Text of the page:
Japan Post Insurance has confessed to mismanaging over 90,000 policies, in what could be the largest scandal for the insurer and parent postal company since its privatisation in 2007.
The insurer admitted on Wednesday that around 22,000 customers were charged double for their life insurance premiums between April 2016 and December 2018, the Japan Times reported. Furthermore, it also revealed that in the past five years, there were 47,000 cases where customers did not receive coverage – despite having paid the premiums – and around 23,900 cases where the insurer declined extending policyholders’ contracts for no valid reason.
Japan Post initially denied any wrongdoing, and said that customers had given consent for the contracts. However, Mitsuhiko Uehira, Japan Post Insurance’s president, later apologised at a news conference.
Meanwhile, Kunio Yokoyama, president of Japan Post Company, the insurer’s parent firm, said that the misconduct may have been committed by staff scrambling to meet sales quotas.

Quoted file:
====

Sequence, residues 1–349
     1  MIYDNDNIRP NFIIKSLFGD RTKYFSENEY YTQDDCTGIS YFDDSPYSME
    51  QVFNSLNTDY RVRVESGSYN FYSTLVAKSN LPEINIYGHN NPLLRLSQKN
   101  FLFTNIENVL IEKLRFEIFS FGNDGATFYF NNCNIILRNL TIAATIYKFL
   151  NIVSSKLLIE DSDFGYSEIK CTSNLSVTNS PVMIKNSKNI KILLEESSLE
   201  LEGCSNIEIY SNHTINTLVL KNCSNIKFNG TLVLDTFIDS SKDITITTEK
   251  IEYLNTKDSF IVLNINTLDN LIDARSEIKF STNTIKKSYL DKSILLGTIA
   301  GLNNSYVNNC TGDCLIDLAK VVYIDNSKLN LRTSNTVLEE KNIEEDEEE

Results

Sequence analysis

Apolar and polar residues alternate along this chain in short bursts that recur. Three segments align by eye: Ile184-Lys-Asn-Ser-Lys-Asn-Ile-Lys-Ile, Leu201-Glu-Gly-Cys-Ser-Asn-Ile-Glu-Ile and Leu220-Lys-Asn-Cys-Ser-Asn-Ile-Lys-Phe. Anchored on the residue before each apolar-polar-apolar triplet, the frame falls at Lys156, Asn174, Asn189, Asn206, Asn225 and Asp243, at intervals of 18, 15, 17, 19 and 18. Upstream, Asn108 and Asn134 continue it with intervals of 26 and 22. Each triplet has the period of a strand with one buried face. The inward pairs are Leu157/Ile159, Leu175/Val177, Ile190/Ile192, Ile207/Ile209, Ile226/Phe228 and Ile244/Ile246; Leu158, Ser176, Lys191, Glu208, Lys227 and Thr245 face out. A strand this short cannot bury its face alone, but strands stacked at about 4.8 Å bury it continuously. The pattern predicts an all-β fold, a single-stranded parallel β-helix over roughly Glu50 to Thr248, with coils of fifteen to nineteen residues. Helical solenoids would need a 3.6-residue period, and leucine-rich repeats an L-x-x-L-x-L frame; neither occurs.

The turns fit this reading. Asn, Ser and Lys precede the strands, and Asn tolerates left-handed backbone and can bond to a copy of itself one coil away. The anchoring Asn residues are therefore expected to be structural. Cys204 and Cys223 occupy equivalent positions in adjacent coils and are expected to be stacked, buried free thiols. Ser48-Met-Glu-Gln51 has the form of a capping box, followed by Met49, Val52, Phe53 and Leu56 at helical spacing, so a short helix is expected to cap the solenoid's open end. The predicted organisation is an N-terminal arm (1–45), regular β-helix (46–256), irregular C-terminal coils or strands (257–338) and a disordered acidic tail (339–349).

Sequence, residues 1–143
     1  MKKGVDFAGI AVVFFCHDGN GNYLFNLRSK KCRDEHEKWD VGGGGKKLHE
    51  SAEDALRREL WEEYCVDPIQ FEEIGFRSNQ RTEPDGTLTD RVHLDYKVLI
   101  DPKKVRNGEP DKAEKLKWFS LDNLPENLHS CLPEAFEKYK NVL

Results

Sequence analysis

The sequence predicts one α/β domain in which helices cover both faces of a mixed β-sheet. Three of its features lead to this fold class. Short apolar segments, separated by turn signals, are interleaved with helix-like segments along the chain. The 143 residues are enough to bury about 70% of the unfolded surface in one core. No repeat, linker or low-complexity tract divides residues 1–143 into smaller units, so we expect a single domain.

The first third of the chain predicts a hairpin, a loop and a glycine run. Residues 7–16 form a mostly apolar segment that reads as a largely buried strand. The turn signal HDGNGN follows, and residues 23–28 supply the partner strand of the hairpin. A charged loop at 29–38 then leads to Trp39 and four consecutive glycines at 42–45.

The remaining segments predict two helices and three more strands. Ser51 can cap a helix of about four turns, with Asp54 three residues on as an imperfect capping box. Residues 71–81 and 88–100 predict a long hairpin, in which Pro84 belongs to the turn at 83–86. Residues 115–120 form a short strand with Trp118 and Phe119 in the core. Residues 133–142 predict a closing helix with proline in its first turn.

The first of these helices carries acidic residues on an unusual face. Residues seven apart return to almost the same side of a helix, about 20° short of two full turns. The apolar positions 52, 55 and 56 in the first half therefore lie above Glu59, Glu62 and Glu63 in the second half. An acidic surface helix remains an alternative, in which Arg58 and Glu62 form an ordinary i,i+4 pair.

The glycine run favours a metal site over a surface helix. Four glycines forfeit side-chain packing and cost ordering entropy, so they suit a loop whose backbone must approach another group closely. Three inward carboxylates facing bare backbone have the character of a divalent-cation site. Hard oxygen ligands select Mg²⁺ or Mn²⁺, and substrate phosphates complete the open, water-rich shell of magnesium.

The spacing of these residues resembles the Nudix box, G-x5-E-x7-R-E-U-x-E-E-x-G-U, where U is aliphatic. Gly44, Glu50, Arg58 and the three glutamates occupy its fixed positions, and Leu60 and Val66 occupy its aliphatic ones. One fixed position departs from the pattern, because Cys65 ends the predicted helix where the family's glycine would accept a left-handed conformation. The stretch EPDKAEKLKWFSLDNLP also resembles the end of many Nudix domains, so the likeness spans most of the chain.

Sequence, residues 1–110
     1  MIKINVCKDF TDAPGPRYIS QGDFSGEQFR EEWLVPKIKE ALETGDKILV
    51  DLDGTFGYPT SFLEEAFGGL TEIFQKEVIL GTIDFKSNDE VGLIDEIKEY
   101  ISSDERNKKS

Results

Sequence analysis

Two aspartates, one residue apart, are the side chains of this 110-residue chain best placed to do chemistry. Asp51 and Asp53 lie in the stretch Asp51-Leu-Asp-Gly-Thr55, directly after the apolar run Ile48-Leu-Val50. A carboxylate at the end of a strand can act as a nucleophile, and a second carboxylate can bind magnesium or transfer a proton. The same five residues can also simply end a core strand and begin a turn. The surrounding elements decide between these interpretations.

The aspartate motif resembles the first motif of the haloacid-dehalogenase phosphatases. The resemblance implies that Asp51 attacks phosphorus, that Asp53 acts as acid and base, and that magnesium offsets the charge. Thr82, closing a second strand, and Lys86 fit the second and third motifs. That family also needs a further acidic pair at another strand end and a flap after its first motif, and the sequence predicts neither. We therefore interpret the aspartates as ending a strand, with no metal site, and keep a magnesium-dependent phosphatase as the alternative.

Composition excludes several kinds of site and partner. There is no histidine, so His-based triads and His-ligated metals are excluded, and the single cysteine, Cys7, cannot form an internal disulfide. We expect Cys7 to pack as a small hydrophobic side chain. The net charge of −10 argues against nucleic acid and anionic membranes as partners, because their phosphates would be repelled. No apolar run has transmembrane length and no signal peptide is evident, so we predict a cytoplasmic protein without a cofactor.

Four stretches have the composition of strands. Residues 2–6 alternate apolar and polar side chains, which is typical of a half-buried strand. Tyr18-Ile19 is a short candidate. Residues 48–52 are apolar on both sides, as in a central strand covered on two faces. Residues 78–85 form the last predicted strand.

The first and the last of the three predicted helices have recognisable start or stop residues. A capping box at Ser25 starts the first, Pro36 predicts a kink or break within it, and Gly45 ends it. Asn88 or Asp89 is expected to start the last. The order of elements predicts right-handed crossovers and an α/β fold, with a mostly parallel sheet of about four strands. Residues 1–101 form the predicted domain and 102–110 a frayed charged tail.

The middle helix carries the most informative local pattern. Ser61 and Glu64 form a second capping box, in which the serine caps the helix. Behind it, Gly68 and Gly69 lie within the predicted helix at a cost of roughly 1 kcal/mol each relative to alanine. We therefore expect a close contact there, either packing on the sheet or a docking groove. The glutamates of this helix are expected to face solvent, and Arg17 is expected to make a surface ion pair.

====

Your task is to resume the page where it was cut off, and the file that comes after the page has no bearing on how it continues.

“Our sales targets did not fit with the times,” Yokoyama said at the news conference. “We’ll strictly respond if any illegal activity is found.”
Japan’s domestic insurance market has been in dire straits for several years, with a shrinking population and ultralow interest rates.
Japan Post Insurance said that it will order a third-party investigation into the incident, and that it is ready to refund any excess premiums charged to its customers.